Democrats have spent a record $1.9 trillion dollars of taxpayers’ money in the past year and a half, often in the name of racial equity. But the inflation they’ve fueled has disproportionately hurt black and Hispanic Americans, according to a new poll.
The national survey, published this week and conducted by NPR, the Robert Wood Johnson Foundation and the Harvard T.H. Chan School of Public Health, emphasized the toll that skyrocketing prices have taken on racial minorities in the U.S.
High U.S. inflation rates are having a more serious impact on Black, Latino, and Native American households than White households, according to a new poll from @NPR @RWJF and @HarvardChanSPH. https://t.co/OHGy8Kxbcl pic.twitter.com/LE7KoA8e8w
— Robert Wood Johnson Foundation (@RWJF) August 8, 2022
More than half of black and Latino households, and more than two-thirds of Native American households, reported that recent price increases have caused them serious financial problems, per the poll.
- 16% of black renters and 10% of Hispanics renters said they were evicted or faced eviction in the past year, compared to 9% of white renters and 4% of Asian renters.
- 32% of black adults, 30% of Hispanics and 39% of Native Americans said they were having serious difficulty paying for food, compared to 21% of whites and 13% of Asians.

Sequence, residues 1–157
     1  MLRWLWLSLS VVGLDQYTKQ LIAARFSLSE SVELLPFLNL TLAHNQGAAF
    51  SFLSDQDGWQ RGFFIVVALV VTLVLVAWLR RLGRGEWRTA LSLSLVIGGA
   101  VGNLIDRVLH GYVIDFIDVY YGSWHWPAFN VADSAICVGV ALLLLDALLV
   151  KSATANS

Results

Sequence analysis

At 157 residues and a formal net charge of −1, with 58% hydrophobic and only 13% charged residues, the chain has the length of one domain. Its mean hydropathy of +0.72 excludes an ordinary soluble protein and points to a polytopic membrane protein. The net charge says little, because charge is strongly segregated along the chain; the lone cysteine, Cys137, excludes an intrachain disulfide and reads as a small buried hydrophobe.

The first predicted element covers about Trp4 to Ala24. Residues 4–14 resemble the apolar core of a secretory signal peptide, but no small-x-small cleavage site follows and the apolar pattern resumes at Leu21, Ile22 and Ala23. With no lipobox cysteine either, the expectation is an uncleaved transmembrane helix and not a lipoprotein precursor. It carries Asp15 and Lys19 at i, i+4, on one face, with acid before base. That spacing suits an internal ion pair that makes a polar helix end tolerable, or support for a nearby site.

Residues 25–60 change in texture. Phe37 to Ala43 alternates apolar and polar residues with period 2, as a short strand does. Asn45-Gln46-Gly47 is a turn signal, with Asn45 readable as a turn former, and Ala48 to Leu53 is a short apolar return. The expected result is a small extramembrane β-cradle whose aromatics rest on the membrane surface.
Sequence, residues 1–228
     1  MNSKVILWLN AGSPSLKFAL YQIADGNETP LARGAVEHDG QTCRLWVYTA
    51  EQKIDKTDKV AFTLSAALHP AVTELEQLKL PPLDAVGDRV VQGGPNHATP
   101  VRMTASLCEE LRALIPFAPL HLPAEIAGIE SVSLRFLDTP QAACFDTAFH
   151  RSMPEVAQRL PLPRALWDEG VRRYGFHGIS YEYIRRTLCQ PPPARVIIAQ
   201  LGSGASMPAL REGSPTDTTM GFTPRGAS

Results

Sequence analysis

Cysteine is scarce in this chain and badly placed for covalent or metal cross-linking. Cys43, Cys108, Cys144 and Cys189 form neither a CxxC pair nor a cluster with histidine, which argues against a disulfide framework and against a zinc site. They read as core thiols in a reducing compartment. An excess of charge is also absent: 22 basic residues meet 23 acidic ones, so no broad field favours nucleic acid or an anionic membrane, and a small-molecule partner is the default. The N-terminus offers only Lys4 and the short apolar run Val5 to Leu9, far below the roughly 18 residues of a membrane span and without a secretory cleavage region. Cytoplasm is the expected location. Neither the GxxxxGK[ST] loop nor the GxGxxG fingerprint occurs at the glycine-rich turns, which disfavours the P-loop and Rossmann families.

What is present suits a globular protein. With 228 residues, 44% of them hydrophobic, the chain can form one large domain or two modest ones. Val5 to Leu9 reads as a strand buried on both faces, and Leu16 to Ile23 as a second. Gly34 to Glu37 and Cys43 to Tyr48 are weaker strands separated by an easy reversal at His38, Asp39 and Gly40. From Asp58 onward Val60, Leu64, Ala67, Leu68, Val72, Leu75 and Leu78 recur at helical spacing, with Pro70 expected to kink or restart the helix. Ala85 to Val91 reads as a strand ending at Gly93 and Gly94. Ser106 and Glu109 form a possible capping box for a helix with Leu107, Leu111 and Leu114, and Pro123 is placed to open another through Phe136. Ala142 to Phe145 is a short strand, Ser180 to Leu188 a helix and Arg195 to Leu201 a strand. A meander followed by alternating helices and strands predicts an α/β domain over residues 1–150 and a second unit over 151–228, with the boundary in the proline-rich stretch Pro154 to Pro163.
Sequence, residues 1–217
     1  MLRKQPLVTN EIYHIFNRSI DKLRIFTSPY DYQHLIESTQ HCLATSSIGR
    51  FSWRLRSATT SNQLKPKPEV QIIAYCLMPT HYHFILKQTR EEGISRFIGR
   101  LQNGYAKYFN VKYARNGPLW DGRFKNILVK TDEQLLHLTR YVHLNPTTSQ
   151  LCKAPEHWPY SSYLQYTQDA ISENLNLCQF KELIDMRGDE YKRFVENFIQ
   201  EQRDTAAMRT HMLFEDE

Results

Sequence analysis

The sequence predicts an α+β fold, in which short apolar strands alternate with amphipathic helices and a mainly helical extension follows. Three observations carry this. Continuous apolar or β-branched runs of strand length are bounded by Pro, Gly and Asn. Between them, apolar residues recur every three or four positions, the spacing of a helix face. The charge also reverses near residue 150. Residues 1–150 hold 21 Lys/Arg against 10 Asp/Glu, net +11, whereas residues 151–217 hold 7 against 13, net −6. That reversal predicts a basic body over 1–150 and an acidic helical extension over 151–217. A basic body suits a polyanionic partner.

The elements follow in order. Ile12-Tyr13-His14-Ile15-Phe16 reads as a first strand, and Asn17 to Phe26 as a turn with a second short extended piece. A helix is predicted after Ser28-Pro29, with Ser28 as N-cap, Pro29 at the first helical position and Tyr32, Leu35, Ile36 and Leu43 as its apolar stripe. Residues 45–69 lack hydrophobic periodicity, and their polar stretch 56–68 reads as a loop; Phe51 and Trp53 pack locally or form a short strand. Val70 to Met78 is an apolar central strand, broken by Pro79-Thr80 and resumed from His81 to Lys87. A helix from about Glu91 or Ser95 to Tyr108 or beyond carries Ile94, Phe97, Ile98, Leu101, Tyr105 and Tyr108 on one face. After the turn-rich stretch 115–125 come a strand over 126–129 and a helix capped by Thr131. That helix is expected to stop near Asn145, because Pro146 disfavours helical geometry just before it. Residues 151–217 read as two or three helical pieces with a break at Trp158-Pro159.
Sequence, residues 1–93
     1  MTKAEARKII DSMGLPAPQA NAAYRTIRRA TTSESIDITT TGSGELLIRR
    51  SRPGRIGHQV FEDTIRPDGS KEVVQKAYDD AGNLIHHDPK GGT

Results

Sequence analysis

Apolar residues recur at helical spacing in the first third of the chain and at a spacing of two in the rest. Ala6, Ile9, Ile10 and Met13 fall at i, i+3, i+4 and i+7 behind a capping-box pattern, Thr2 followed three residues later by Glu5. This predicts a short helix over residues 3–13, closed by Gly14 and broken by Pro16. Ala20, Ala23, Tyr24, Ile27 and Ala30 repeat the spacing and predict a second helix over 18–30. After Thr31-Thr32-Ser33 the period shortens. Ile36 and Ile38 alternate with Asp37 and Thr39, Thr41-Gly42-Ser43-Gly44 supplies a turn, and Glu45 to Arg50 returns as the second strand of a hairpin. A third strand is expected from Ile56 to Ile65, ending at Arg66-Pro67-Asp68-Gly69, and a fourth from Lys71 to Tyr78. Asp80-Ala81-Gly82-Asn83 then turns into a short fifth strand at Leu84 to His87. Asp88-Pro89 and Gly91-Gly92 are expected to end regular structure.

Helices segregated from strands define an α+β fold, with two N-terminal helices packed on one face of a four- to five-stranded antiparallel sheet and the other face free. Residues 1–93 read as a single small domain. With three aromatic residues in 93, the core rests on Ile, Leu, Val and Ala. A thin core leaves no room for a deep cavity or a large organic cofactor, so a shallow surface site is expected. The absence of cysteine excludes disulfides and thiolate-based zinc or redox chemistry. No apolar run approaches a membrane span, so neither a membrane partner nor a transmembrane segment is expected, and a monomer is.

An analysis by the New York Federal Reserve Bank published in June found that black and Hispanic Americans had faced higher inflation on average since the beginning of last year.
- The Fed attributed the higher average costs to blacks spending a larger share of their income on housing and Hispanics spending more on transportation, relative to whites and Asians.
- A study by Bank of America last November similarly showed that 2021 inflation had hit black and Hispanic households harder than those of other racial groups due to disparities in spending on energy and food.
President Biden pledged on day one of his administration to orient the entire federal government toward advancing racial equity, and named that as one of the main goals of the $1.9 trillion economic stimulus he announced last January.
- “Today, President Biden is announcing the American Rescue Plan to change the course of the pandemic, build a bridge towards economic recovery, and invest in racial justice,” the White House said at the time, championing his party’s increasingly woke politics.
This March, a year after Biden signed the American Rescue Plan Act into law, economists from the San Francisco Federal Reserve Bank concluded that federal spending was the primary driver of inflation in 2021.
- Contrary to its name, the Inflation Reduction Act recently passed by Democrats will have no impact on inflation — “statistically indistinguishable from zero,” according to the University of Pennsylvania’s Wharton School.